Architects are changing the social infrastructure space. Social outcomes are inextricably linked to the long-term sustainability of businesses and the communities that they serve.
When designers think of sustainability, the majority often focus on the economic and environmental factors. A heightened awareness of advances in technology and changing social values have bought more attention to lost design opportunities.
Innovation Capitalisation (IC) by MODE is a pivotal tool developed to consider a project from the outset, before any design has occurred. It aligns specialist providers, groups, businesses and government with the sole outcome of creating better communities through unique and innovative design.
When first developing this design tool, MODE reviewed their most successful projects over a 10-year period and found a gap in the market where projects considered a thorough understanding of the socio-political, environmental, technical and educational landscapes.
“Reviewing our projects allowed us to identify missed opportunities and better consider future proposals. We see IC as a new procurement method, an opportunity to align community needs with commercial outcomes and environmental aspirations”Rhonan O’Brien, Managing Principal
From there MODE saw the value of partnerships and collaborative opportunities with a project that adds value to the socially, economically, environmentally sustainable and educational platforms at every opportunity by using local knowledge and presence overlaid with local, national and international expertise.
The four key pillars (social, economic, environmental and educative) act as the drivers for Innovation Capitalisation and is how MODE unlocks the “capital in reserve” on each project.
MODE identifies not only the expected outcomes from a project, but also the underlying reasons that dictate the need for the project, this allows for the identification of what the “capital in reserve” may be and employ innovative approaches to incorporate social and environmental solutions to best deliver the client’s required outcomes.
MODE has a wealth of best practice experience and this in conjunction with lateral thinking expertise, guarantees each project is strategised to come up with how the opportunities can best be delivered.
MODE assess potential options available to the client and where possible quantify the economic, social, environmental and educative outcomes.
This allows fully informed decisions to be made regarding the best overall approach for the project from an economic and society-wide perspective.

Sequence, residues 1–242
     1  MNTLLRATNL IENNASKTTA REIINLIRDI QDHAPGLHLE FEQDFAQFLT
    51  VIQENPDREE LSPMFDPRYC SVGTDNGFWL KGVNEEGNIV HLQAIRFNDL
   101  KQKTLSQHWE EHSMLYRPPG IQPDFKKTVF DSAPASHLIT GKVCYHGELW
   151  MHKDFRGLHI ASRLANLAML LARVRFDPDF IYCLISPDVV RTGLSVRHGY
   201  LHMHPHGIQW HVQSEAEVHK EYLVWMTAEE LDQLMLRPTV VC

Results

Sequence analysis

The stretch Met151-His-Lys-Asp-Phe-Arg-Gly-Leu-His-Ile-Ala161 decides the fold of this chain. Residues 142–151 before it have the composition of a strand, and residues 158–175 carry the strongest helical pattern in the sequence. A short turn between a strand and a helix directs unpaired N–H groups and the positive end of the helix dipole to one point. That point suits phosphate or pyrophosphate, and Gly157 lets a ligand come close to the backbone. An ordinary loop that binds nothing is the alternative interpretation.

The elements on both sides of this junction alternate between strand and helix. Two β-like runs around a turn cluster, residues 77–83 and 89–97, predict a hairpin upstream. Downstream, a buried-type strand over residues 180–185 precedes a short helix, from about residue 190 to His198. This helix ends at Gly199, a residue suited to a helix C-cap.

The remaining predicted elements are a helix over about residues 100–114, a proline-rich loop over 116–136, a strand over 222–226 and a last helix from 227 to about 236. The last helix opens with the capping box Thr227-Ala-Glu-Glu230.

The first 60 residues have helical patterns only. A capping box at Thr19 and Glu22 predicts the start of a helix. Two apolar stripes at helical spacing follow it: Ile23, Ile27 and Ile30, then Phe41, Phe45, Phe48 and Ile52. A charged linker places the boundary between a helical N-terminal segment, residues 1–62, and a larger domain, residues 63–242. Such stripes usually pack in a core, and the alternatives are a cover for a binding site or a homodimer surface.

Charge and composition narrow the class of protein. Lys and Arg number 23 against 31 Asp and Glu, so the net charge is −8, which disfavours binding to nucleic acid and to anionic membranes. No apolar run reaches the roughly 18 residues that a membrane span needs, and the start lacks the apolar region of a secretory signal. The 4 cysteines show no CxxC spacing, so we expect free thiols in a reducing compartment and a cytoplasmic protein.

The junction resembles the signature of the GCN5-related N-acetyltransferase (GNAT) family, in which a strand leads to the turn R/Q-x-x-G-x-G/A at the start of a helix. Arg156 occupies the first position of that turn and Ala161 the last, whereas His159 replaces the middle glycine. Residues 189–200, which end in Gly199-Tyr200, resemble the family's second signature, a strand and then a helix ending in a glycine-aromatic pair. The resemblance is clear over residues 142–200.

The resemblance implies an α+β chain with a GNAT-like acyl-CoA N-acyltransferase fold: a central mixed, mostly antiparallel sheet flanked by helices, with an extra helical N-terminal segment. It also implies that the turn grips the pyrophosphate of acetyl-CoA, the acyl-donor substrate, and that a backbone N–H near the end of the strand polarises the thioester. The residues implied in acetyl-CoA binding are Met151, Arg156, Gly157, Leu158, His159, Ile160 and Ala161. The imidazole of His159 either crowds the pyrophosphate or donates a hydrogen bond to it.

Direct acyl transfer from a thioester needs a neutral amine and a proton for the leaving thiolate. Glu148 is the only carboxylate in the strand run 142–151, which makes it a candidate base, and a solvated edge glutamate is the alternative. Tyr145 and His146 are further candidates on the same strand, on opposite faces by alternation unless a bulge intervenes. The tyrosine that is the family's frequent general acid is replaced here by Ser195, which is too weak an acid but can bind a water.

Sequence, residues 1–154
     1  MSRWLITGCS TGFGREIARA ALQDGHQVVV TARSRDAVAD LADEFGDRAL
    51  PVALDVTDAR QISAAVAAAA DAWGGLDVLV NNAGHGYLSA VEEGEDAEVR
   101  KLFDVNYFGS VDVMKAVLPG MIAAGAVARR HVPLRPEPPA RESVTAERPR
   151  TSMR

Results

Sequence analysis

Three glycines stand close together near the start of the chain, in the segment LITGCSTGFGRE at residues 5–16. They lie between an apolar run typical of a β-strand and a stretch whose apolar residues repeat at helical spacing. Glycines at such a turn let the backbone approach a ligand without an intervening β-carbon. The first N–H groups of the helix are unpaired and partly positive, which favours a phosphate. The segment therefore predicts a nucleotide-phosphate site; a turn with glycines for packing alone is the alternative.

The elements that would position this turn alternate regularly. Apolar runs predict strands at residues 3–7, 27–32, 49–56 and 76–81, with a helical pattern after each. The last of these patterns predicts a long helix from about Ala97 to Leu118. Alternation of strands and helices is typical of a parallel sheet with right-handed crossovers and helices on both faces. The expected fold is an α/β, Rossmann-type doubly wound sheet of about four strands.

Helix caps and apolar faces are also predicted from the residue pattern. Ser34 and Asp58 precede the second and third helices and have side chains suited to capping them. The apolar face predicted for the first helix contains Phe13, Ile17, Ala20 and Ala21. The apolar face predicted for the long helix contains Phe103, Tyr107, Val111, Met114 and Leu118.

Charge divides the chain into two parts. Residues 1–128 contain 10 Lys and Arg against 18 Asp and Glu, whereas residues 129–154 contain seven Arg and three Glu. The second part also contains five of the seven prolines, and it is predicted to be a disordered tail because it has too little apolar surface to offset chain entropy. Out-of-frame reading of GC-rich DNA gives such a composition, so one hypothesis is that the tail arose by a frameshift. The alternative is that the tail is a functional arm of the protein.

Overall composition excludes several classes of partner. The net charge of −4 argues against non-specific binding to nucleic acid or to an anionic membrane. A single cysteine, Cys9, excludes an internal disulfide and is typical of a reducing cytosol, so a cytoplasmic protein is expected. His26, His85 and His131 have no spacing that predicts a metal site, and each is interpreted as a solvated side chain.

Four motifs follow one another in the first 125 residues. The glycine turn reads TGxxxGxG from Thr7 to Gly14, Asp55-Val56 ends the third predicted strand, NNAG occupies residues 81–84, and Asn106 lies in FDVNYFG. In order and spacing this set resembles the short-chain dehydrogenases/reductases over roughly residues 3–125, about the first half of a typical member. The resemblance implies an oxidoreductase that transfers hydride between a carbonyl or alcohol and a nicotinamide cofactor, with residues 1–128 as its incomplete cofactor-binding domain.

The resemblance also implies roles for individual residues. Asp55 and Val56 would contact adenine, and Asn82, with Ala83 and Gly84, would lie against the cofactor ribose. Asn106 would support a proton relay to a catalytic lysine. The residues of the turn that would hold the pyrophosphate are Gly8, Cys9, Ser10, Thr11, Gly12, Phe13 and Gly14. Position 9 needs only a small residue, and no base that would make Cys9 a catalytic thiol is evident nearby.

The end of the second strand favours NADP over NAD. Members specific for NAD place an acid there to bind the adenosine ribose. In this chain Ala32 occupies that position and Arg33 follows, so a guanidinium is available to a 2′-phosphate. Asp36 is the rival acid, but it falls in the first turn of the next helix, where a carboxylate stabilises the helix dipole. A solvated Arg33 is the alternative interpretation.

At the beginning of a project, MODE’s multidisciplinary team come together to align an approach, strategise and assess against IC’s core values.
This in-house process allows MODE to utilise the wide-reaching expertise of their staff to develop a design that immediately adds value to the project, prior to client, stakeholder and community consultation.
IC was extensively used throughout the planning and design stages of the Taringa mixed-use development.
Located in Brisbane’s inner-west, the state-of-the-art 15-storey development incorporates a multitude of businesses within a central hub of health care services, including the Westside Private Day Hospital, Essence Hotel, QLD X-Ray, childcare, allied health and specialist suites.
MODE’s multidisciplinary team of architects, interior designers and landscape architects extensively consulted with the services engineers to develop the clients dream of a ‘one stop shop’ for health services.
Short-term hotel accommodation for exiting day patients, on-site childcare for medical staff, patients and the community and residential homes for long-term medical staff and private owners, were considered and incorporated into the vision for the development.
Throughout the building there are connections and links between the users. The inter-connected relationship with the day hospital will provide a first of its kind medi-hospital experience, where patients can stay in the hotel and receive medical care prior to returning home. The team at MODE had to problem solve, educate and explore the briefing requests from over 40 tenant spaces.
Throughout the process of designing Taringa mixed-use, there were a range of users involved in providing feedback and sign off. The DA process was kept in alignment, with multiple clients involved throughout and coordination between different teams occurring with both the base build works and individual fit-outs.
“The ability to coordinate the disparate requirements of the broad range of uses and specific tenancy functions on the project was a testament to our IC principles as well as our experience and expertise in all of the sectors and uses. The overall result is a building that allows a range of services to be delivered by various operators to the local community while providing financial viability and longevity for the developer and tenants.”Peter Bertram, Principal and Health Sector Lead
In a nod to future design methods, MODE is showing how involving the community and end users in design consultation enhances the social value of the project, while how educating occupants about a building’s intended use can increase the project’s level of community investment.
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